The memoirs of Chateaubriand contain two letters from Murat–then under a sort of house-arrest near Toulon while Napoleon marched off to his final defeat at Waterloo–written to a woman whose name is not provided. Biographer Hubert Cole gives her name in The Betrayers as one Madame de Civrieux, whom he describes as Murat’s “close friend and probably his mistress.” (Cole, page 243) Chateaubriand describes her merely as “a generous and beautiful woman” who stayed in Paris with Juliette Récamier during “times of misfortune.” The following letters from Murat were among the papers she left behind.
Source: François René de Chateaubriand, The Memoirs of François René Vicomte de Chateaubriand, Vol IV, 1902 edition; pages 194-6.
6 June 1815
I have lost the fairest existence for France’s sake; I have fought for the Emperor; it is for his cause that my wife and my children are in captivity. The country is in danger, I offer my services; they put off accepting them. I know not if I am free or a prisoner. I must needs be involved in the Emperor’s ruin if he falls, and they deprive me of the means of serving him and serving my own cause. I ask their reasons; they reply obscurely and I am unable clearly to establish my position. At one time I cannot go to Paris, where my presence would injure the Emperor, and I must not join the army, where my presence would too much attract the attention fo the soldiers. What am I to do? Wait: that is what they reply. On the other hand, I am told that I am not forgiven for having abandoned the Emperor last year, whereas letters from Paris said, when I was recently fighting for France, ‘Every one here is delighted with the King.‘ The Emperor wrote to me, ‘I rely on you, do you rely on me, I shall never abandon you.‘ King Joseph wrote to me, ‘The Emperor orders me to write to you to move rapidly upon the Alps.‘ And when, on arriving, I display generous sentiments and offer to fight for France, I am sent into the Alps. Not a word of consolation is addressed to one who never did him any other wrong than to rely too greatly on generous sentiments which he never entertained for me.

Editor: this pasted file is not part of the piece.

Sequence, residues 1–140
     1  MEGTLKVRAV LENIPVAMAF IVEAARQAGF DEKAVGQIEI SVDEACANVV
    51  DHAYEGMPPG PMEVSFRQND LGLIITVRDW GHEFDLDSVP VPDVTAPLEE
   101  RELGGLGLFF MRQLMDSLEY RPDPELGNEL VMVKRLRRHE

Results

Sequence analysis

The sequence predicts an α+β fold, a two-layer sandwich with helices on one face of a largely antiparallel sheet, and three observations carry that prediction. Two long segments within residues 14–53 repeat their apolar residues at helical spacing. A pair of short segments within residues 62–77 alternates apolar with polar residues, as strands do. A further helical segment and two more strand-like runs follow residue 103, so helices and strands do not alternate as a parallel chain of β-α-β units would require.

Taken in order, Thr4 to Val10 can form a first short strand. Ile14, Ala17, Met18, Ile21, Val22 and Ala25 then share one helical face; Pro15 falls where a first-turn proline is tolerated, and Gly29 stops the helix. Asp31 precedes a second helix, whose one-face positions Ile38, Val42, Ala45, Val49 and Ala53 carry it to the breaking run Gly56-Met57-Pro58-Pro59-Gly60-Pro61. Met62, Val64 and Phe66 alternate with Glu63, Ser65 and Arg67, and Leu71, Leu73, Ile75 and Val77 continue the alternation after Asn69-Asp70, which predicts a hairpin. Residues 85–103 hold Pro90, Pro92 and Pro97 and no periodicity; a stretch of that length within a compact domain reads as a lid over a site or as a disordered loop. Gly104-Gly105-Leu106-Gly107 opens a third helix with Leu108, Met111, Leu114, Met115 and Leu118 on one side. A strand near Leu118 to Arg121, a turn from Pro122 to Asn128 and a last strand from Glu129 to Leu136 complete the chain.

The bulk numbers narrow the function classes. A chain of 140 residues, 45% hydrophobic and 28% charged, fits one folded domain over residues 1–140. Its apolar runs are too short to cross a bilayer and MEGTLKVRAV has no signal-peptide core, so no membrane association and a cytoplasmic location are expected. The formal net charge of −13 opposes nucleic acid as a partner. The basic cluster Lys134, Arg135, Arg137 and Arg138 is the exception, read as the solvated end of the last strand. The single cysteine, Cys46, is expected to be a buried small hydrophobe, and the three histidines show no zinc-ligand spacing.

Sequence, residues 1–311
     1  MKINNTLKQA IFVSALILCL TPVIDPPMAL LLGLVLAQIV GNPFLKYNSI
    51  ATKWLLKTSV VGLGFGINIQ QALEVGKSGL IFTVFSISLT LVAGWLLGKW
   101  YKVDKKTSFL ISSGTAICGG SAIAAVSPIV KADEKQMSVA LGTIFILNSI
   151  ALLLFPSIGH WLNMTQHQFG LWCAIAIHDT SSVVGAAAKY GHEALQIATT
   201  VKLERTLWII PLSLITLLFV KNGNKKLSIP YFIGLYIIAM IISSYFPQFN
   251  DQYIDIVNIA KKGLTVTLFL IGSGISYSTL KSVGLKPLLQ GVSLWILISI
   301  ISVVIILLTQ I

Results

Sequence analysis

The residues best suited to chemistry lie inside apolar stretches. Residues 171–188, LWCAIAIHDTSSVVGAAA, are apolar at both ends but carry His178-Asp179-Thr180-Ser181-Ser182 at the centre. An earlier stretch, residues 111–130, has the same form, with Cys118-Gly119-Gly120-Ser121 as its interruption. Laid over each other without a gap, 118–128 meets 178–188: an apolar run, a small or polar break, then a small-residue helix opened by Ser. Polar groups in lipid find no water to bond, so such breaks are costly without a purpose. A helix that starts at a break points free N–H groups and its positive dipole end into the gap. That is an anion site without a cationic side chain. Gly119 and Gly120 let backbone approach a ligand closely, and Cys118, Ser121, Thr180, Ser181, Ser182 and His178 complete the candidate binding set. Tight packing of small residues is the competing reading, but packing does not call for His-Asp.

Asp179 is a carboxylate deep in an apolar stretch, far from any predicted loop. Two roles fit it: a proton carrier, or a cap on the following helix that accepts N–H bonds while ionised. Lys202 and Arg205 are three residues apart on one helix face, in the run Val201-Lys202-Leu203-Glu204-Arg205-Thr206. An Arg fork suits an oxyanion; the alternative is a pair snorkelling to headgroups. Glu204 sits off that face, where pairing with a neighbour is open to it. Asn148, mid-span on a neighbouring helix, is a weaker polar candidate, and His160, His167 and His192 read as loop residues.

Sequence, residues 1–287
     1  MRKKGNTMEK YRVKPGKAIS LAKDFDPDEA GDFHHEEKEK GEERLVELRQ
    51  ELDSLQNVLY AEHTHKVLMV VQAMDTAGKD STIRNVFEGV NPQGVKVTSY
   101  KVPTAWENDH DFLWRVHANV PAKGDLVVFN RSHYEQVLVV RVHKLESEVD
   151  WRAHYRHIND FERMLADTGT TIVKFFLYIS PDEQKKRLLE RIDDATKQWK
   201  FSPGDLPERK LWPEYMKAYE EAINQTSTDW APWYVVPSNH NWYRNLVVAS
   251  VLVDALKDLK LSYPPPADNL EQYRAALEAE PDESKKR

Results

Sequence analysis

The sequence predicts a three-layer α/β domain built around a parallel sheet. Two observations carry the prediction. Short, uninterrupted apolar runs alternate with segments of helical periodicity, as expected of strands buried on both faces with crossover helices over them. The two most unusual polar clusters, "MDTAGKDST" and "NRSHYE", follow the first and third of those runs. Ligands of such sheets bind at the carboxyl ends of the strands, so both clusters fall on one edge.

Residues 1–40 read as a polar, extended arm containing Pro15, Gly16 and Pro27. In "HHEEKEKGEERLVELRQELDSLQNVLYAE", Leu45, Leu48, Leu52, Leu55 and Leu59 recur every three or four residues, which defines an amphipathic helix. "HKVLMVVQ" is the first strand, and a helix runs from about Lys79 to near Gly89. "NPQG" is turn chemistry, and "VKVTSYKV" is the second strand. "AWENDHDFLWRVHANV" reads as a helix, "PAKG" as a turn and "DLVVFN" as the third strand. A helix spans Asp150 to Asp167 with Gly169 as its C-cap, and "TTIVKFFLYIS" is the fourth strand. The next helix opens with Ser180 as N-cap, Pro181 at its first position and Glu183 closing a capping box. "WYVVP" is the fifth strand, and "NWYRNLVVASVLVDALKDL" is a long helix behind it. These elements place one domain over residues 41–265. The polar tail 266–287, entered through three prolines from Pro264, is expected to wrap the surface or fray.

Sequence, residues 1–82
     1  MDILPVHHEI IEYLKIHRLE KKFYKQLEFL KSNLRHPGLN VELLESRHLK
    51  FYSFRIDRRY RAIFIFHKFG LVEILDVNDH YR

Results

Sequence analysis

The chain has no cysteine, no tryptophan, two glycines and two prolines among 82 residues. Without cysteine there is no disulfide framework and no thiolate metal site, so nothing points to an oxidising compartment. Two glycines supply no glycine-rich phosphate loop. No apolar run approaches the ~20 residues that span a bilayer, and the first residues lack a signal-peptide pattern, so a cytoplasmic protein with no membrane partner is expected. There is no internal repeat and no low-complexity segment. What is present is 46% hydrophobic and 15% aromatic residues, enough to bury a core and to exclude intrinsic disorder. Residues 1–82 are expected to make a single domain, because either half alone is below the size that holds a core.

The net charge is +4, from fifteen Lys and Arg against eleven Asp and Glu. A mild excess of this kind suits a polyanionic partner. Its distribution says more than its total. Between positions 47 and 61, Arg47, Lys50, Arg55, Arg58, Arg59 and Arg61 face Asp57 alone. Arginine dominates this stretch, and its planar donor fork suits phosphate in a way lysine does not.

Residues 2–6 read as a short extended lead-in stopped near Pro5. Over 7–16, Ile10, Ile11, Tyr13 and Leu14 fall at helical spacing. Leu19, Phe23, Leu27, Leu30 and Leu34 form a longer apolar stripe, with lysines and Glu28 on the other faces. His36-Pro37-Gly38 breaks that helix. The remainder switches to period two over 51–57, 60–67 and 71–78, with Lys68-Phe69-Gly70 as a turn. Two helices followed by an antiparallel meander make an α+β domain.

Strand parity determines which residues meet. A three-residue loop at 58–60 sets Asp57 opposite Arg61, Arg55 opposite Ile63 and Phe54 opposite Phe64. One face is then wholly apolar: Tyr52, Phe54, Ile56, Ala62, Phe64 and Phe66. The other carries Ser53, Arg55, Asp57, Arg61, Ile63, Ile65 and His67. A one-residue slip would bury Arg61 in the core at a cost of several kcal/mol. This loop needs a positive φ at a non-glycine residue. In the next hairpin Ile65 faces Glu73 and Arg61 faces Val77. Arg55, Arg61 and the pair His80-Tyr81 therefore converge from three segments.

My friend, I come to ask you to inform me of the opinion of France and the army regarding me. A man must know how to endure all and my courage will make me rise superior to every misfortune. All is lost save honour; I have lost the throne, but I have preserved my glory; I have been abandoned by my soldiers, who were victorious in every fight, but I have never been beaten. The desertion of twenty thousand men placed me at the mercy of my enemies; a fisher’s bark saved me from captivity, and a merchant ship cast me in three days on the coasts of France.
Near Toulon, 18 June 1815
I have just received your letter. I cannot describe to you the different sensations which it made me experience. I have been able for a moment to forget my misfortunes. I am occupied only with my friend, whose noble and generous soul comes to console me and show me its sorrow. Reassure yourself: all is lost, but honour remains; my glory will survive all my misfortunes, and my courage will be able to make me rise superior to all the rigours of my destiny: have no fear on that score. I have lost my throne and my family unmoved; but ingratitude has revolted me. I have lost all for France, for her Emperor, by his order, and to-day he makes it a crime in me to have done so. He refuses me permission to fight and revenge myself, and I am not free to choose my own retreat: can you conceive all my unhappiness? What can I do? What decision can I take? I am a Frenchman and a father: as a Frenchman, I must serve my country; as a father, I must go to share my children’s lot: honour lays upon me the duty of fighting and nature tells me that I must belong to my children. Which am I to obey? Cannot I satisfy both? Shall I be allowed to listen to either? Already the Emperor refuses me armies; and will Austria grant me the means to go to join my children? Shall I ask them of her, I who have never been willing to treat with her ministers? There is my situation: give me advice. I shall await your reply, the Duc d’Otrante’s and Lucien’s, before taking a determination. Consult opinion well as to what it is thought right for me to do, for I am free in the choice of my retreat*; they are returning to the past and making it a crime in me to have, by order, lost my throne, when my family is languishing in captivity. Advise me; listen to the voice of honour, to that of nature, and, as an impartial judge, have the courage to write to me what I am to do. I shall await your reply on the road between Marseilles and Lyons.
*note that earlier in this letter, Murat had said he was not free to choose his retreat; I’m not sure what to attribute this seeming contradiction to other than probably the chaotic state of Murat’s mind as he’s struggling to deal with this increasingly unbearable situation.